With fear that my scalp was going to burn for the 3rd tim on this trip I bought a Machu Picchu/Peru hat. And without planning, it matched my shirt for the day! For the “hiking” portion of our trip we opted to bring along our camelbacks, which was an excellent idea for always having clean water.

This place really is spectacular.

We ventured along one of the ancient Inca trails to this bridge. Not sure if you can see this perfectly, but beyond the bridge (which is probably no more than 18-24 inches across), the trail climbs up, up, up to stairs that continue up the mountain. These trails cling to the mountain side and are typically only wide enough for one person or a llama – talk about scary for those ancient Incas.

We continued our tour back into the Room of Three Windows. And to tour some surrounding structures. Portions of Machu Picchu are in continuous rebuild or repair to give visitors a better idea of what it might have looked like when inhabited 500 years ago.

As a little side note on the Incas and their Peruvian descendants – they have crazy good eyesight – they could make out distant rock formations with impressive detail, and they are fantastic, sure footed long distance runners (altitude is not a problem). Really the only reason they don’t win more Olympic races is that their legs, and therefore their strides, are shorter (comes with living in the mountains I guess rather than the savanna).

Once back down the hill, we stopped for lunch at Toto’s and some shopping in Aguas Caliente.

Walking by this stream that cuts through the center of town, it really did seem like some sort of fairy tale retreat. Like a place I could get lost in for a while, just cut myself off… other than the 4G cell service I got all around town. Foot bridges criss crossed high above while there is the ever present sound of rushing water. Rivers, mountains, all ever green – I could be happy here.

That afternoon we boarded our train back toward Cusco, 2 hours by train and then another 1 hour and 45 minutes by bus since that train was no longer running all the way to Cusco. We finally arrive tired and starving once again to our Eco Inn in Cusco for the last night before heading back to Lima.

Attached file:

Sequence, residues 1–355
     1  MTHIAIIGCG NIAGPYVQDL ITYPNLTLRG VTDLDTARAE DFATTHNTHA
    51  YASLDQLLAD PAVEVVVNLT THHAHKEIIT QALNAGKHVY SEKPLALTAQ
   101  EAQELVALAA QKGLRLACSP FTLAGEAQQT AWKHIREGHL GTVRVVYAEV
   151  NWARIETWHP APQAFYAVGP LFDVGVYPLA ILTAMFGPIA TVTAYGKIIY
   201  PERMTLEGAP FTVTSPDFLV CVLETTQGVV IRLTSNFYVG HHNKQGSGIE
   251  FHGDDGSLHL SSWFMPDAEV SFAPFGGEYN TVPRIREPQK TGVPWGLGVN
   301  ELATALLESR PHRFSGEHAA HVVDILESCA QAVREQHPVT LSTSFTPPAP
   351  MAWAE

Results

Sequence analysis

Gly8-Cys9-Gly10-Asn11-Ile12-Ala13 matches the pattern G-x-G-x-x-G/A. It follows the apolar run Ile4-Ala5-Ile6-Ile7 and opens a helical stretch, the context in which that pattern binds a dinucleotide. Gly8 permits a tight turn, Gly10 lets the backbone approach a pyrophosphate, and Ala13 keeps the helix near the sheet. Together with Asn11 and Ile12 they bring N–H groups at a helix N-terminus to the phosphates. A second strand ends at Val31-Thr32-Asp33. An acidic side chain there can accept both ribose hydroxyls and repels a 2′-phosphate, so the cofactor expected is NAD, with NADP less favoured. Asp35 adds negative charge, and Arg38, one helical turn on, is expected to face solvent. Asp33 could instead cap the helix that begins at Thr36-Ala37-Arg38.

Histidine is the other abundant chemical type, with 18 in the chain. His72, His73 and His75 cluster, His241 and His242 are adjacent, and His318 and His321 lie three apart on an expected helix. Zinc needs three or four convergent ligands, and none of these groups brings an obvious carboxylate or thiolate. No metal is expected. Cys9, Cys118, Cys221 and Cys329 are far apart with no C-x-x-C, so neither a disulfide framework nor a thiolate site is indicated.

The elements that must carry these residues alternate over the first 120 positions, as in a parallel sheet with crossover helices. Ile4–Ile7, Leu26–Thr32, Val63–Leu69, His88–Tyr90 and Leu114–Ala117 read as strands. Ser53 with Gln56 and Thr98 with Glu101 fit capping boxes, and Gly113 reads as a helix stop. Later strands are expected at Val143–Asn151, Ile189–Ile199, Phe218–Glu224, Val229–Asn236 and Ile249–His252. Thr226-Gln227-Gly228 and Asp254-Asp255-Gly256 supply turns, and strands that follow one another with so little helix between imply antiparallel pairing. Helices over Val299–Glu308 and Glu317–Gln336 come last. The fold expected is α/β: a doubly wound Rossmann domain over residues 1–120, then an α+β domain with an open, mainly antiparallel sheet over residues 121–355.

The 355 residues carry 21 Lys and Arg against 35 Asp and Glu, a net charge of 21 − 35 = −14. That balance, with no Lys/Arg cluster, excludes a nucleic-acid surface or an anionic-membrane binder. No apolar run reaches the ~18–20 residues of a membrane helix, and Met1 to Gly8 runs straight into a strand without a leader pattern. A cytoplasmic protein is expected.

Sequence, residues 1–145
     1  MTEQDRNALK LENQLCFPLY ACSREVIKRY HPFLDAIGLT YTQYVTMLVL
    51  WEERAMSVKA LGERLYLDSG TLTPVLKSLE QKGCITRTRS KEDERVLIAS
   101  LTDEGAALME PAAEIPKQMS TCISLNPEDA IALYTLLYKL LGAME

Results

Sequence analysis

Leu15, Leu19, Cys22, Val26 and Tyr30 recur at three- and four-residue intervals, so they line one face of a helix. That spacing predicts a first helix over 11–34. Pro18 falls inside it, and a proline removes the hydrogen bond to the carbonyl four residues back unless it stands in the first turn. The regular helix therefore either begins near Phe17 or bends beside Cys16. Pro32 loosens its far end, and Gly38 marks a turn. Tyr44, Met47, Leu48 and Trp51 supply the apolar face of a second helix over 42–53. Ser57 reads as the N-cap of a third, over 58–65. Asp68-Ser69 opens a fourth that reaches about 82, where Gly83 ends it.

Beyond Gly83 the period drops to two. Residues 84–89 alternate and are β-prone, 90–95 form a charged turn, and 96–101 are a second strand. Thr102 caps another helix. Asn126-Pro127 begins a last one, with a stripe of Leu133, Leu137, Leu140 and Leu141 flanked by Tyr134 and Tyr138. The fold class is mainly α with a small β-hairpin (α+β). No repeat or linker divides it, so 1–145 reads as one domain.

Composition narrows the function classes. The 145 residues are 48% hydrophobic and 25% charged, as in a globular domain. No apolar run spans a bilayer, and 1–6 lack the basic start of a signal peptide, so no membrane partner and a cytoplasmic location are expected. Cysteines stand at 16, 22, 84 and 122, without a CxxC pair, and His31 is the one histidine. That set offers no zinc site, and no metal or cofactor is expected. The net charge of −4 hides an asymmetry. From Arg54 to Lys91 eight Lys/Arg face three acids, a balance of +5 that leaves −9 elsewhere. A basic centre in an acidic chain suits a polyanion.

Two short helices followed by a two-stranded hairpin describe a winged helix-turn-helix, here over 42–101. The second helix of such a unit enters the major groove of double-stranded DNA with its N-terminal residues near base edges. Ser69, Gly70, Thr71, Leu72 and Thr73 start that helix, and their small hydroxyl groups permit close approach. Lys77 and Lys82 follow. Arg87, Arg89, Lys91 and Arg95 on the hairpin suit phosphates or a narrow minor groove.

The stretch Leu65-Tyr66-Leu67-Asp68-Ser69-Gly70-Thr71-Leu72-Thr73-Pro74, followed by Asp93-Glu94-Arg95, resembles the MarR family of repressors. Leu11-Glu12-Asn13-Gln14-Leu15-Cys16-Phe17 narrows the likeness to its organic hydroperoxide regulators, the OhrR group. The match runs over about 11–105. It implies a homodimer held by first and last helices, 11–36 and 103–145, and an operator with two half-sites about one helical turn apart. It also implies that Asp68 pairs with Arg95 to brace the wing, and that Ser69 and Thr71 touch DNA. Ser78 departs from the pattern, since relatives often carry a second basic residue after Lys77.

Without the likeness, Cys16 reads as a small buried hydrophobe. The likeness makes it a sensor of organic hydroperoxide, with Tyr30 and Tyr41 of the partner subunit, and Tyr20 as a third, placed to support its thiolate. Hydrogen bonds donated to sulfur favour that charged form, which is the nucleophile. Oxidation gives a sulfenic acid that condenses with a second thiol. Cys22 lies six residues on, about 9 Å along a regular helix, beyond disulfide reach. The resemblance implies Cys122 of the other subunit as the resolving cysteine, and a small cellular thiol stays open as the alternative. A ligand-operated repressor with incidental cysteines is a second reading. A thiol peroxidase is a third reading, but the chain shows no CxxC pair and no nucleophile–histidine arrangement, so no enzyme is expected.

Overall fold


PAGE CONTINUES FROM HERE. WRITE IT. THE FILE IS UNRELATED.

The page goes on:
Read more about Cusco here.


Peru: Cusco

After about a three week hiatus, I’ve been struggling to decide where to begin. There’s so much to tell, especially in relation to food and also just the jaw dropping beauty of nature bursting at its seams.

Maybe to begin I’ll say – at the end of April we spent 10 days in Peru, some was heart burstingly grand and others was gut wrenching, umm, well just physically that.

Although we started our adventure with a day in Lima I think the best for this recap is to start in Cusco and then work back to the food in Lima. (All foodies will want to stay tuned.)

After some flight delays, we arrived in Cusco to hit the ground running which actually made no time for lunch (needless to say, C was not thrilled since we left our apartment at 7am and really didn’t get a meal until 9pm that day). This is the main reason I don’t exactly have any stellar food reviews for Cusco is that we hardly had a chance to eat during that whole 4 day tour. We opted for a tour in Cusco and Machu Picchu since we were a group of 6 and no one really wanted the hassle of arranging all of the travel (at least I certainly didn’t).